Rolling the Dice
What’s more, Bitcoin and its closest rival, Ethereum, are in no way in as such widespread use as digital transactions of national/regional currencies that make use of bank or credit cards. But these are early days.
And at the moment, Bitcoin is highly volatile. In 2013, a story emerged about Norwegian Kristoffer Koch who, in 2009, had paid 150 kroner (around US$27) for 5,000 Bitcoins. He completely forgot about them until he heard about Bitcoin in the media in April 2013. By then, his tiny investment was supposedly worth 5m kroner (US$886,000), assuming he could find a buyer for his Bitcoins. Koch managed to exchange 1,000 of his Bitcoins into kroner, and bought an apartment in a prosperous part of Oslo. I don’t know what he did with the other 4,000 Bitcoins, but if he’d held onto them until the latest peak on 1st September, they’d theoretically be worth US$19.62m!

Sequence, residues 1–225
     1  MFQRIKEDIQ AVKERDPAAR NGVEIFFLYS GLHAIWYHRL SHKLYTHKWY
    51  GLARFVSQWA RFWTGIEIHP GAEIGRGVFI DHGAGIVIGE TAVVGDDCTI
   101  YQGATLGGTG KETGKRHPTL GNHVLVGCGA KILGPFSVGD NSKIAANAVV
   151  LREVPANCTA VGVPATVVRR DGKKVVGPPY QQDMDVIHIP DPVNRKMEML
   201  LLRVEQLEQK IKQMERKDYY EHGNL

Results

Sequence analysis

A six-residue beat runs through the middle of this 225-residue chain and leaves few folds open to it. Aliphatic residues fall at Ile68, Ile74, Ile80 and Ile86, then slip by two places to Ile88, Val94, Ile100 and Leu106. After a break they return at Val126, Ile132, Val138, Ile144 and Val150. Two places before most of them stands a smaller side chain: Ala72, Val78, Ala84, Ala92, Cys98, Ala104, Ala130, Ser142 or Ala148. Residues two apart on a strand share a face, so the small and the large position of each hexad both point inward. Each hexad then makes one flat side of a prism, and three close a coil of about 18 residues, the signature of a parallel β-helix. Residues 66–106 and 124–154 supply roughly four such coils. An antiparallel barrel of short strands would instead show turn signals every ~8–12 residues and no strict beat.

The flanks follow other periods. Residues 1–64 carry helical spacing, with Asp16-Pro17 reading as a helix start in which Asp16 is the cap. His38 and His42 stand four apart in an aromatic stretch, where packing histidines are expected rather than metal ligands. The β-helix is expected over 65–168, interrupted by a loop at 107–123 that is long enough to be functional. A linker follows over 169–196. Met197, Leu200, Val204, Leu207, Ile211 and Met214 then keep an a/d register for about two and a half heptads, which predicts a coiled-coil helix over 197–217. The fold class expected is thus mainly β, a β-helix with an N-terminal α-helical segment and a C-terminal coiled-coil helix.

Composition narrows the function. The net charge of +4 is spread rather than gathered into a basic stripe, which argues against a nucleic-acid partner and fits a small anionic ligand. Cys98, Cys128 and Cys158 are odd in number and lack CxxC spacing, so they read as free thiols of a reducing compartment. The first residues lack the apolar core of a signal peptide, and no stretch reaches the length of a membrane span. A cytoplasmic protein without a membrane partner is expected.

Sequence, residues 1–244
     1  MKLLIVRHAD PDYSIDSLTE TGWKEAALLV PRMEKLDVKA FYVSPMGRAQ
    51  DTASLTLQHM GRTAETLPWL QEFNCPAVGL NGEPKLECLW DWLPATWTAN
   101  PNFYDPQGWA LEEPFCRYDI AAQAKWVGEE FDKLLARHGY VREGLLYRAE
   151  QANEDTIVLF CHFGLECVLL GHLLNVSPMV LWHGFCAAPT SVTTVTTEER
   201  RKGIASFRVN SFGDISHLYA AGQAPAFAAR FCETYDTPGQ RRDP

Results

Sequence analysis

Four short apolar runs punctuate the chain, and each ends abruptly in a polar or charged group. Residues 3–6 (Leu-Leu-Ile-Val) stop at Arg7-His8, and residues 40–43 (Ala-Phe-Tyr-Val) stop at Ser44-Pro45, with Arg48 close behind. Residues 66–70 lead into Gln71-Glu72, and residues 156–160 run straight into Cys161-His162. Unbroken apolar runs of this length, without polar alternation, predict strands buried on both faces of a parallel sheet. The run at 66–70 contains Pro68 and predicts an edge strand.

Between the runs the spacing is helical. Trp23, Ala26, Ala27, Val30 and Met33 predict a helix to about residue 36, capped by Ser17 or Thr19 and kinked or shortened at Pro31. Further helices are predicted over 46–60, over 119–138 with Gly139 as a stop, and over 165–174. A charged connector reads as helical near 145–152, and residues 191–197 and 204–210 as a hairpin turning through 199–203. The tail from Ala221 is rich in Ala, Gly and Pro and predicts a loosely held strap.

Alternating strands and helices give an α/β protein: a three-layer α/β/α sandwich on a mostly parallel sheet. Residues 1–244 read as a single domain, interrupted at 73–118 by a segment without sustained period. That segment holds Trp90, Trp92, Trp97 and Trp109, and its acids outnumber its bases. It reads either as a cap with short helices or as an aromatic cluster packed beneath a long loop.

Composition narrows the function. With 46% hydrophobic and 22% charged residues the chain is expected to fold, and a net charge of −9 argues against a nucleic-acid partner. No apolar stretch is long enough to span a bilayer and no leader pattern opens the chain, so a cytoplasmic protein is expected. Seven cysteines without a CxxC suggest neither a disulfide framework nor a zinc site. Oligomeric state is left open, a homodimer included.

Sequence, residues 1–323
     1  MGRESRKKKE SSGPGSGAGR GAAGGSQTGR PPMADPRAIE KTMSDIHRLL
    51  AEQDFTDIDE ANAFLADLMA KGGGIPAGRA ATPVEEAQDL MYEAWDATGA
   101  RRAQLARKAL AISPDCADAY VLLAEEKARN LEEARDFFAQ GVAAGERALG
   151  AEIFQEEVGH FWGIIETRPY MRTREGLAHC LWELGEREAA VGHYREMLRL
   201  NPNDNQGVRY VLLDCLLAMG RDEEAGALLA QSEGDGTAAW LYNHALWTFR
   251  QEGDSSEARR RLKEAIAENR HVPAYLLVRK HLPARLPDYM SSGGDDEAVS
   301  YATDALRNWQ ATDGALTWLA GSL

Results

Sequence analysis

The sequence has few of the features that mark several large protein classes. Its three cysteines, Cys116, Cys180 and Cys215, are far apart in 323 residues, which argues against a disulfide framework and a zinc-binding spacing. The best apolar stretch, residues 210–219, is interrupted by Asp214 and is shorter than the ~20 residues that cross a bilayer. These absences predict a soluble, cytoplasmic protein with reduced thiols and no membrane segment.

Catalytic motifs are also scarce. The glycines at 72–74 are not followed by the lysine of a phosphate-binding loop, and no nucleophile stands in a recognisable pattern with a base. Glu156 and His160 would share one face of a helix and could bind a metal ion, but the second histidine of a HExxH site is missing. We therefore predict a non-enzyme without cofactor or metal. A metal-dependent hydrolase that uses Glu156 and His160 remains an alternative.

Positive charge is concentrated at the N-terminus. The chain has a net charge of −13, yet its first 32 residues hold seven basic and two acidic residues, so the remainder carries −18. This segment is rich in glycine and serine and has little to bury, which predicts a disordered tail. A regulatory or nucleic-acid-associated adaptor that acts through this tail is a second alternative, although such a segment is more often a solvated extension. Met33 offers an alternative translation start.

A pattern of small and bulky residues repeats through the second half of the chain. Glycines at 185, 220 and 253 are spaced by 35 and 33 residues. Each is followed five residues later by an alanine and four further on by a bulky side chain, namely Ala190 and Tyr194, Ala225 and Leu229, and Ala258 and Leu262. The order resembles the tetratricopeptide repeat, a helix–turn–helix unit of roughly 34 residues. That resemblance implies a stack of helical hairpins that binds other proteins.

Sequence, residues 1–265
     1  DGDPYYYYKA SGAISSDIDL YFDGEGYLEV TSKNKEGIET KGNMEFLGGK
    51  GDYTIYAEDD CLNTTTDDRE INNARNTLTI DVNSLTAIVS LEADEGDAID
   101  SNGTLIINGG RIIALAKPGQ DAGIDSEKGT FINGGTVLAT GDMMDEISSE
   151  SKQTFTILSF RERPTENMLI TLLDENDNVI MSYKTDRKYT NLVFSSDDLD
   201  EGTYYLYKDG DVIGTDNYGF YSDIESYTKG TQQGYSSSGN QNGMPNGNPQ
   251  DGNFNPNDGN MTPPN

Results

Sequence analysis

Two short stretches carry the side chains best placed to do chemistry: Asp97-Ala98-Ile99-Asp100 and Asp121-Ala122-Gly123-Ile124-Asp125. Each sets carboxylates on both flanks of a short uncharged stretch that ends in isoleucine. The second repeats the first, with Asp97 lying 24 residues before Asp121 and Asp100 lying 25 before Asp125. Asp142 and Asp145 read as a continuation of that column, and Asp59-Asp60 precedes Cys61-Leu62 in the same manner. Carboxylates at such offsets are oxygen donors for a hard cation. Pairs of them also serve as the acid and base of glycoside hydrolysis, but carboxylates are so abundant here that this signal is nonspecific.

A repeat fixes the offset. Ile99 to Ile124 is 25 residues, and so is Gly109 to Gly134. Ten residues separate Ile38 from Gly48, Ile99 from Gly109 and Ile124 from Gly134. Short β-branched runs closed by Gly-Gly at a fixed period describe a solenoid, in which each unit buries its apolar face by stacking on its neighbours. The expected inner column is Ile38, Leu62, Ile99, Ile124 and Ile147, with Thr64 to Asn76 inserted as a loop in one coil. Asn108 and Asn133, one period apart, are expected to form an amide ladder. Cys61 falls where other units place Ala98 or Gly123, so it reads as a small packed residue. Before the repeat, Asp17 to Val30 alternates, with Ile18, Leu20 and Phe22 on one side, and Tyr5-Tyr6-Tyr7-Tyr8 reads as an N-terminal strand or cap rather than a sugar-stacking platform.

All that sounds fantastical. In many ways, it is. If national/regional currencies behaved in such a manner, investors would stuff cash under their mattresses until what they thought was the right moment, and my job would consist of throwing dice at a craps table.
What happened to Kristoffer Koch is only part of the story, though. If we look at when Koch remembered about his tiny Bitcoin investment, he still needed the good fortune of timing to exchange his ,000 Bitcoins. According to one exchange (Bitfinex), Bitcoin began April 2013 at a value of US$104, ended the month at US$139. It peaked at US$230 on 9th April, but then bottomed out at US$68.46 just a week later.
Consequently, if Koch had remembered about his Bitcoin holding at the beginning of April, he’d have cashed in 41% less; and if he’d have sold on 16th April, he’d have received 61% less.
Editor’s note: Paul Gambles is managing director of the MBMG Group, which is based in Bangkok. He was the subject of an International Investment profile last year. This was the first of two parts on cryptocurrencies; the second part will look at whether cryptocurrencies are ever likely to have a real use, and if so, when that is likely to be.
Gambles said he wished to thank Gerry Brady, the founder of the BOOM Finance & Economics weekly newsletter, for his help in enabling him to write this piece.